I haven’t proposed any “experimental set up” , much less drawn any conclusions from one. Just commented on Rowbotham’s  method , asked how it could be put into actual practice and made  observations that he didn’t practice what he preached and that what he preached doesn’t seem to have led to explaining much of anything.

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Offline Pete Svarrior

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Re: Questions about Zeteticism
« Reply #13 on: April 26, 2022, 08:37:11 AM »
Your society accepts the results of Rothbotham’s experiments, so it should follow that it agrees with the way he conducted his experiments.  Except it doesn’t.
This conversation is bound to go in circles. You imagine something about FE or FE'ers, I tell you that you that it's not at all accurate and you should probably learn what you're discussing before discussing it, so you move on to another thing you've imagined or guessed. We can talk about Zeteticism, but you need to stop with the endless strawmans. You'd be well displeased if I did the same with you.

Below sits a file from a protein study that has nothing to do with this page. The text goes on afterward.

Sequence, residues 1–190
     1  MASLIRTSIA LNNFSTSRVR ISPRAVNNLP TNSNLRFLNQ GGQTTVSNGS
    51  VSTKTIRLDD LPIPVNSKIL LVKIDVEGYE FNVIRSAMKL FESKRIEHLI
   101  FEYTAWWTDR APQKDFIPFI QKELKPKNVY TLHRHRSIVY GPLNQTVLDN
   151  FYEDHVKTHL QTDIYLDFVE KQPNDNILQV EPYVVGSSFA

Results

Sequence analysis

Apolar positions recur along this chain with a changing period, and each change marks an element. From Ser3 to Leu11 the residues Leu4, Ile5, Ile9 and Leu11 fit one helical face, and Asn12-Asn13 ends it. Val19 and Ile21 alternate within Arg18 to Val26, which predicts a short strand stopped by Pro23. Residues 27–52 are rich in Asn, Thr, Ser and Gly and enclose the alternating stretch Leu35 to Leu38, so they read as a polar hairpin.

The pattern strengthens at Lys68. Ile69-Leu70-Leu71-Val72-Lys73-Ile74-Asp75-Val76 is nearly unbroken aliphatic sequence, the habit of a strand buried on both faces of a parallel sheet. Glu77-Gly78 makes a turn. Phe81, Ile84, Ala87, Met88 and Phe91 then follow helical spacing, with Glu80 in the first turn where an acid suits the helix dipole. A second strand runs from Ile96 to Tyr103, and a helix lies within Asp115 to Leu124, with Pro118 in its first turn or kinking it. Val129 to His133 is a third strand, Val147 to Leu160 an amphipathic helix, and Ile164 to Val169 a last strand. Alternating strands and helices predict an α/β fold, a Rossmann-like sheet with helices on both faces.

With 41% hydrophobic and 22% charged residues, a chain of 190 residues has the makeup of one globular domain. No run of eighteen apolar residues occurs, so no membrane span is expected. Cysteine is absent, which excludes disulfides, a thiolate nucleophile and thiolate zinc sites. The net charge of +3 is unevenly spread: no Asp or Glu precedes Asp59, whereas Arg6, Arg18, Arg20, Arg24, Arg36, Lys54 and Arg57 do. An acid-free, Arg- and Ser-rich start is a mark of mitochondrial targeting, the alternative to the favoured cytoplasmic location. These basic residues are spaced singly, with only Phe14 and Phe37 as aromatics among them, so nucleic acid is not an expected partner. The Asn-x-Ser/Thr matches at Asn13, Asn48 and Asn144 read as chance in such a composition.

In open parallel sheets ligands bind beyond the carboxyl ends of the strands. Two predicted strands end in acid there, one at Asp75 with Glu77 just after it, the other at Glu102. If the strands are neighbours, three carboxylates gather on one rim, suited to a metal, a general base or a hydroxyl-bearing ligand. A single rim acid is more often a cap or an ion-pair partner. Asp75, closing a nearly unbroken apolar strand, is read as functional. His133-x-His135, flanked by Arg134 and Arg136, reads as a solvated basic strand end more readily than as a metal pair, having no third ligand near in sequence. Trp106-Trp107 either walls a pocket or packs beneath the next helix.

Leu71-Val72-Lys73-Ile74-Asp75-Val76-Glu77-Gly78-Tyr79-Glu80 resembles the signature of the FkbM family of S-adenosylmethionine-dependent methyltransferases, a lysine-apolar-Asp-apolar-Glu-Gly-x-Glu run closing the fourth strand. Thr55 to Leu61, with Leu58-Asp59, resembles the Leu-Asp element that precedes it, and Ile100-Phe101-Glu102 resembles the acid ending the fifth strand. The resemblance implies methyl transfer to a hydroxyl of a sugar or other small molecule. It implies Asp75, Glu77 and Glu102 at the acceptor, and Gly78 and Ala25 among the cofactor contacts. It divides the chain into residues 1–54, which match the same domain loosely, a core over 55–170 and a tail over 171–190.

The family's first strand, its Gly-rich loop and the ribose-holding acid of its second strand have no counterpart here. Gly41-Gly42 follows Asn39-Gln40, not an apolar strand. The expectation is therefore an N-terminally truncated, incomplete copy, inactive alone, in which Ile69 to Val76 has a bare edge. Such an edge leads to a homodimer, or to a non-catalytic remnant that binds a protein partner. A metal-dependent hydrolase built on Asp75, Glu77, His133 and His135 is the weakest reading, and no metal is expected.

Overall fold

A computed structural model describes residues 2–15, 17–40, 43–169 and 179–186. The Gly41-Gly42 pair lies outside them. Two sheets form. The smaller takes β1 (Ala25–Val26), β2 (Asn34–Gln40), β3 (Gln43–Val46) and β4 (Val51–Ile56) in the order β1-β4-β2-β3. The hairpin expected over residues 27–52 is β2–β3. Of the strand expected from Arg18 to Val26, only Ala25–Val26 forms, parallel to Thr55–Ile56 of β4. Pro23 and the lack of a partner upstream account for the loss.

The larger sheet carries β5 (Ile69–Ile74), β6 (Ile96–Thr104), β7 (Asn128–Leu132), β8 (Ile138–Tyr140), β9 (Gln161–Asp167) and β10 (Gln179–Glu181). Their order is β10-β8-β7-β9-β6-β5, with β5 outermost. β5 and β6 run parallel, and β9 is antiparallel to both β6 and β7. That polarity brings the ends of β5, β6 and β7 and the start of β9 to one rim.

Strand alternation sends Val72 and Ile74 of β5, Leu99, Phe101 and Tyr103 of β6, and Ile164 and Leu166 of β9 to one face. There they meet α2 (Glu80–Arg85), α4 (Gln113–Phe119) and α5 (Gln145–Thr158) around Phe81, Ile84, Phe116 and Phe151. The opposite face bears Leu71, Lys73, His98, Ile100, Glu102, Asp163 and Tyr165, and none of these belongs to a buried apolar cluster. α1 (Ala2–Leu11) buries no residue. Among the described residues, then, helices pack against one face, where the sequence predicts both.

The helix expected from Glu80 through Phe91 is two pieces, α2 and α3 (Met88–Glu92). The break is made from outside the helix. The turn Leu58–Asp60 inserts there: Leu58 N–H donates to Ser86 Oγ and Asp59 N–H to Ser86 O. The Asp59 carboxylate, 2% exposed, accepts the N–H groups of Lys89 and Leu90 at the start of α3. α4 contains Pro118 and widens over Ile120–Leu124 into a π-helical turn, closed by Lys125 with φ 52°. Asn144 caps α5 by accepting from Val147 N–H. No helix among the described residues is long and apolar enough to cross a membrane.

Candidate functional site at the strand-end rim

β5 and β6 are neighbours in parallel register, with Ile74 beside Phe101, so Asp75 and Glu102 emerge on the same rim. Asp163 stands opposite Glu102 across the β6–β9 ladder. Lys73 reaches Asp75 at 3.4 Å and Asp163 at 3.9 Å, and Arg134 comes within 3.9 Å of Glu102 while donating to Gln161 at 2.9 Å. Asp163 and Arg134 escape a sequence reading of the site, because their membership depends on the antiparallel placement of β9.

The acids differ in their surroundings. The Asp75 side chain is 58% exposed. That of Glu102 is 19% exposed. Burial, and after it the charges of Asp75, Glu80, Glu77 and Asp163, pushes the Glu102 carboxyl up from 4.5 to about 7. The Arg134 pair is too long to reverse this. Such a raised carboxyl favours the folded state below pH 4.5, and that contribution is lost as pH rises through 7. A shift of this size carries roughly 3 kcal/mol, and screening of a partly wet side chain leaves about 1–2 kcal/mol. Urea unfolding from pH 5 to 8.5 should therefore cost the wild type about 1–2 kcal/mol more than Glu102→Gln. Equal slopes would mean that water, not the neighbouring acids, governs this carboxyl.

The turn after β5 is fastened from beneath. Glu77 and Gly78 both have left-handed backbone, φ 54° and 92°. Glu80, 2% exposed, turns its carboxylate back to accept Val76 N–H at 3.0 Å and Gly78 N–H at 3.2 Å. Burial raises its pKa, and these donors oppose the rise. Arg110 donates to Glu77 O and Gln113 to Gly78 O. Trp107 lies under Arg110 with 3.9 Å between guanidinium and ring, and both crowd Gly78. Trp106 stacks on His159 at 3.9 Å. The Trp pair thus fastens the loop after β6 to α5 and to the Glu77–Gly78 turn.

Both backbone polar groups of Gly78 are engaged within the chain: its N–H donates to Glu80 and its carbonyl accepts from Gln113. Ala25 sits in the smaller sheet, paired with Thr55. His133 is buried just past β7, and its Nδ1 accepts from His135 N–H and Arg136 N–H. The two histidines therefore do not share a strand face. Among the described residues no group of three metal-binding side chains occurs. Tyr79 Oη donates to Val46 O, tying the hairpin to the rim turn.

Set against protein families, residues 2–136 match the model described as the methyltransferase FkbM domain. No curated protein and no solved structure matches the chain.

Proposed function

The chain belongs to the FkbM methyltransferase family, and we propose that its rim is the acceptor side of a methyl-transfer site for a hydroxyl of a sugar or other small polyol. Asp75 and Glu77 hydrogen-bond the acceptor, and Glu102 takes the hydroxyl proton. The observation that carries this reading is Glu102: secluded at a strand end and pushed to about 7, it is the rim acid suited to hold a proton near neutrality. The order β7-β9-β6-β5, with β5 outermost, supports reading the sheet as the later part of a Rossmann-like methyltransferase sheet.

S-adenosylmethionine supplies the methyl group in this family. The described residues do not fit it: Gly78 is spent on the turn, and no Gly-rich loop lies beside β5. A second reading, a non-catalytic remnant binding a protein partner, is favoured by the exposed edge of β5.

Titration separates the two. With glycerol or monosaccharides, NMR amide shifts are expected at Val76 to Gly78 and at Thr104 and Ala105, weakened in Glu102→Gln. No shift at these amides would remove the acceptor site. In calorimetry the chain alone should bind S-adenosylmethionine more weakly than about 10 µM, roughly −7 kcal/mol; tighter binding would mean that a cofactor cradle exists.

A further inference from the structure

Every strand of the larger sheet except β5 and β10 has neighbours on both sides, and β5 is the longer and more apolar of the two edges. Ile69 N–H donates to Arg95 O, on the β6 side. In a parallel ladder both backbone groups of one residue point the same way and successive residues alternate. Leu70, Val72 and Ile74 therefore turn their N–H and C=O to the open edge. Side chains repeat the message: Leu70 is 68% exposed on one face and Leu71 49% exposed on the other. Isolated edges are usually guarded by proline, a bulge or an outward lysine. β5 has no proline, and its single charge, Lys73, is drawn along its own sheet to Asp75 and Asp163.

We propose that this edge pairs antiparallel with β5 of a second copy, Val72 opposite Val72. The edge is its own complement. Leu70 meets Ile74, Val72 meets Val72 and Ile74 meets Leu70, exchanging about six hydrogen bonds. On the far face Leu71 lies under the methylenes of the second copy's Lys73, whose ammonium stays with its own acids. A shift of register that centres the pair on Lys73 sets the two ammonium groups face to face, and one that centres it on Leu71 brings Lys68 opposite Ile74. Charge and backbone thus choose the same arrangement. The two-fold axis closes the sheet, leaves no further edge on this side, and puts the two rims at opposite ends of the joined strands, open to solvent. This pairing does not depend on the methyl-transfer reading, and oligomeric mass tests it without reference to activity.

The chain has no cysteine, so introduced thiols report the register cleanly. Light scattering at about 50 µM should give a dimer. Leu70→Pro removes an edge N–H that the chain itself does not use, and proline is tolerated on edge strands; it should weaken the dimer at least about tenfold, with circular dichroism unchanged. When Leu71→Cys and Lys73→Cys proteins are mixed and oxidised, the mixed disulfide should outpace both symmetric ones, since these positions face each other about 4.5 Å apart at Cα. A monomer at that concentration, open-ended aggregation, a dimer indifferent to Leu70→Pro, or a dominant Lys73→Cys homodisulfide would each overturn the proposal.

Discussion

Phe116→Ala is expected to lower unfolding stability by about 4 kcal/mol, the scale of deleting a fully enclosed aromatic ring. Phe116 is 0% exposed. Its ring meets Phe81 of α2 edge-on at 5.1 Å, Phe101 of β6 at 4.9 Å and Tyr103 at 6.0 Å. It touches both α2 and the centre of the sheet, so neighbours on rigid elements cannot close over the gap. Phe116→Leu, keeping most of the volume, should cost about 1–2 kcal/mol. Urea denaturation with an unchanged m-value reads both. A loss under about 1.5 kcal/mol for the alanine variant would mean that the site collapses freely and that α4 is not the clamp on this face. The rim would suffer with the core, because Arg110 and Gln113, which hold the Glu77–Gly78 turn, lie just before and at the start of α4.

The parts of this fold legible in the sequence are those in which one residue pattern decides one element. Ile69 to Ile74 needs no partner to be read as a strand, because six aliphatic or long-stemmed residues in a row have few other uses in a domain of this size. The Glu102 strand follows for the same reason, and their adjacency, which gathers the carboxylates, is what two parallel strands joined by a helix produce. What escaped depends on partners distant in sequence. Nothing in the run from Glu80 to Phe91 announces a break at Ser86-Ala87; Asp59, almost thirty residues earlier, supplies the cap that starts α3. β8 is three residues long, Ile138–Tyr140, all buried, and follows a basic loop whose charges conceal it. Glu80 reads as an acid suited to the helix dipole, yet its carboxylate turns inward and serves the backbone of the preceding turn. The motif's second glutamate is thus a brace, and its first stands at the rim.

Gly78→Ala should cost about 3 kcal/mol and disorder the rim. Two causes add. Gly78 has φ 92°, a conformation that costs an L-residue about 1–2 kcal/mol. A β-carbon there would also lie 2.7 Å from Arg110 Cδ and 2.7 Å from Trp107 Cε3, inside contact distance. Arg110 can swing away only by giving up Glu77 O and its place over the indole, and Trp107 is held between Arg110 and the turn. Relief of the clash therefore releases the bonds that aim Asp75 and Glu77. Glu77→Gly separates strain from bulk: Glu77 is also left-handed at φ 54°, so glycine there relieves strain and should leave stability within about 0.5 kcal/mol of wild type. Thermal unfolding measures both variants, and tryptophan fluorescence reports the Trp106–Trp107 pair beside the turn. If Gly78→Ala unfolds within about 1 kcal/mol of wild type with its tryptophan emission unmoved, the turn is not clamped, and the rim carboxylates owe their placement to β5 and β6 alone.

In this case, you have made 3 statements, comprising 3 critical errors:
  • A sweeping statement on how our society accepts the results of Rowbotham's experiments. In reality, some FE'ers accept some of Rowbotham's results. The claim that Rowbotham is some sort of "Flat Earth Messiah" is only ever used by RE'ers, and only by ones who don't know what they're talking about.